The Berkeley DB library is intended to support an embedded model of applications, although it is relatively easy to create client-server applications as well.
In the client-server model, a database server is created by writing an application that accepts requests via some form of IPC and issues calls to the Berkeley DB functions based on those queries. In this model, applications are client programs that attach to the server and issue queries. The client-server model trades performance for protection, as it does not require that the applications share a protection domain with the server, but IPC/RPC is generally slower than a function call. In addition, this model simplifies the creation of network client-server applications.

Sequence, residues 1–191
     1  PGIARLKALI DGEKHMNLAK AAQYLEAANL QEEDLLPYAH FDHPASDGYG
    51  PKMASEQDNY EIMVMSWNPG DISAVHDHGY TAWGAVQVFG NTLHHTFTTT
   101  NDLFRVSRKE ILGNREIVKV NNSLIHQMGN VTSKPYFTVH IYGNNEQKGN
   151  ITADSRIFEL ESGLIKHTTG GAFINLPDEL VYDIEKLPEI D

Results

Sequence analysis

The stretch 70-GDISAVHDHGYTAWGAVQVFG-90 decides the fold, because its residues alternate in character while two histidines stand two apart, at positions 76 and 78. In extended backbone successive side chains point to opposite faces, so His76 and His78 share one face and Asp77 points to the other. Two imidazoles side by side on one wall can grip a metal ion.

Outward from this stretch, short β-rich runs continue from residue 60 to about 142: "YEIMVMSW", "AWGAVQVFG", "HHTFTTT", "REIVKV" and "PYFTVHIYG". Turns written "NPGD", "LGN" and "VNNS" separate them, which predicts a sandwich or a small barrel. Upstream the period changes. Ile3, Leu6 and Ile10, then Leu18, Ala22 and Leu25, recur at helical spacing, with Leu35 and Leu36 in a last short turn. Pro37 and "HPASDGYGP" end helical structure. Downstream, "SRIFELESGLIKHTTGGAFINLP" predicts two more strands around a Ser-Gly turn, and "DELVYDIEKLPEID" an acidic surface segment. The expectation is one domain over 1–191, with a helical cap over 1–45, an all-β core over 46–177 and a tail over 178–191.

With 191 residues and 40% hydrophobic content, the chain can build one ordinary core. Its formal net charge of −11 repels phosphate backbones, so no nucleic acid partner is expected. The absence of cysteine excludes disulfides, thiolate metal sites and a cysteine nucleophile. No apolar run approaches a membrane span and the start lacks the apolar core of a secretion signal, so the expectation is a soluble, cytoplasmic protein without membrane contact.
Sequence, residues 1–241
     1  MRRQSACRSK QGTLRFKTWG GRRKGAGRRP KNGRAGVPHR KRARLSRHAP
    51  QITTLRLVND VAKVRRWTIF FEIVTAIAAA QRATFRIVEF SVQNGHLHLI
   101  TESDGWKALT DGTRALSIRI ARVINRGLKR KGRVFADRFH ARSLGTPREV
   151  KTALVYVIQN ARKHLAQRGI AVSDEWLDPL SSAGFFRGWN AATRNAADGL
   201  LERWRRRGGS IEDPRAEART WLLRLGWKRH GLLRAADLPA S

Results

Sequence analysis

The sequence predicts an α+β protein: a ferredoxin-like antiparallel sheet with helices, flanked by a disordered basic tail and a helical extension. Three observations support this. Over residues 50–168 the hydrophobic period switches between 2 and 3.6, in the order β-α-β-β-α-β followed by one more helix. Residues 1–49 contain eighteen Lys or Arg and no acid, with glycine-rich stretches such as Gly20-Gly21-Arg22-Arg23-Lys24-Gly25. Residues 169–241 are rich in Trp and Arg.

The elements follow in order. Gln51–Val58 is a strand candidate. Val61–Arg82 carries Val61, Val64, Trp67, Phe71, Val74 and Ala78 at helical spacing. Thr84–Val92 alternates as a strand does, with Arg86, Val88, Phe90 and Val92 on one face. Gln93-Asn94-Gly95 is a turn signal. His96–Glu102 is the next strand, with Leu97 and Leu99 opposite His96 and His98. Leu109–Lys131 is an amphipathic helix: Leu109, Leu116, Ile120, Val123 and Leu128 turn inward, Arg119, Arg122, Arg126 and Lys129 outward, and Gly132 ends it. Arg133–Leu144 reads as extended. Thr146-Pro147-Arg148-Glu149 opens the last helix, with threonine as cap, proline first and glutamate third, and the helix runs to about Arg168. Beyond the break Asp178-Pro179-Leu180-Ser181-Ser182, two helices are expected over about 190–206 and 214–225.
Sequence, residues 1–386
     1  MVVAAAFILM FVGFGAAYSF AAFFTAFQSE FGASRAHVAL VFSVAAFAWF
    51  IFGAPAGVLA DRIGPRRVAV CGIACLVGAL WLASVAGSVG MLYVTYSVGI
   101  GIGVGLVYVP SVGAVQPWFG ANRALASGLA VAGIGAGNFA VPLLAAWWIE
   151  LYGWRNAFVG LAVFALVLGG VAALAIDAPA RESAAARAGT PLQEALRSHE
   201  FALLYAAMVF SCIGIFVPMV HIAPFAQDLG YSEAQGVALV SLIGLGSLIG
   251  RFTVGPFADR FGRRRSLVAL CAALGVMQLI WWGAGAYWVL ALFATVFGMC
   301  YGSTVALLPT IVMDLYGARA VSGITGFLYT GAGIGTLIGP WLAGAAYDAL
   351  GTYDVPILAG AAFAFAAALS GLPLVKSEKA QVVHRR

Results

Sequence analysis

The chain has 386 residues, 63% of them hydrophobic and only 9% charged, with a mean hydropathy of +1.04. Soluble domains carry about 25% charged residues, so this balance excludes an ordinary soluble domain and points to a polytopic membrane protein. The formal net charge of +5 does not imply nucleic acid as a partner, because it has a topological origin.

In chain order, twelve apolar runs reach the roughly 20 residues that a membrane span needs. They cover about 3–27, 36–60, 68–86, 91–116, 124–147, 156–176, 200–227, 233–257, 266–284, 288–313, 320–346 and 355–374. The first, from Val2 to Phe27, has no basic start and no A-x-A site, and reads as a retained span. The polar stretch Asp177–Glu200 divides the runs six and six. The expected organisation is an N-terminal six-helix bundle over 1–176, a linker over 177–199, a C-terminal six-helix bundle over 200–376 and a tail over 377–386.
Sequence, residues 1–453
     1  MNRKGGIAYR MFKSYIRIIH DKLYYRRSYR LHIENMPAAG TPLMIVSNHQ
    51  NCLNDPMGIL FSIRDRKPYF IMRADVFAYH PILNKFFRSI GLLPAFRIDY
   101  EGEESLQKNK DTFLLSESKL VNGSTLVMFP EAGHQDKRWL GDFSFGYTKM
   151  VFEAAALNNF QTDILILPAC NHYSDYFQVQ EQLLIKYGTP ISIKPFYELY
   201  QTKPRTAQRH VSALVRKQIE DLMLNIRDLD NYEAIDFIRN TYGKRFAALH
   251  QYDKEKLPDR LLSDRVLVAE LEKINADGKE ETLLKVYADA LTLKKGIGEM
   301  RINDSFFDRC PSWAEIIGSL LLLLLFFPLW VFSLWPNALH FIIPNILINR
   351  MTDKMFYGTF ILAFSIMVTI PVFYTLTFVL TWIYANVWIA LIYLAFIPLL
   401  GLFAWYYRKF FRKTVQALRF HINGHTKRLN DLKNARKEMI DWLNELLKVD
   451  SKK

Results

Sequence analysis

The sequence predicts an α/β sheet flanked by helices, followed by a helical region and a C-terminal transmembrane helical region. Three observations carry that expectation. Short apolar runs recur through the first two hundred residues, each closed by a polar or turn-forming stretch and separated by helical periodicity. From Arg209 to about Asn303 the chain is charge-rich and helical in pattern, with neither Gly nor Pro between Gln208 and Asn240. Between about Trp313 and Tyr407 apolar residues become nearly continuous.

In the embedded model, an application links the Berkeley DB library directly into its address space. This provides for faster access to database functionality, but means that the applications sharing log files, lock manager, transaction manager or memory pool manager have the ability to read, write, and corrupt each other's data.
It is the application designer's responsibility to select the appropriate model for the application.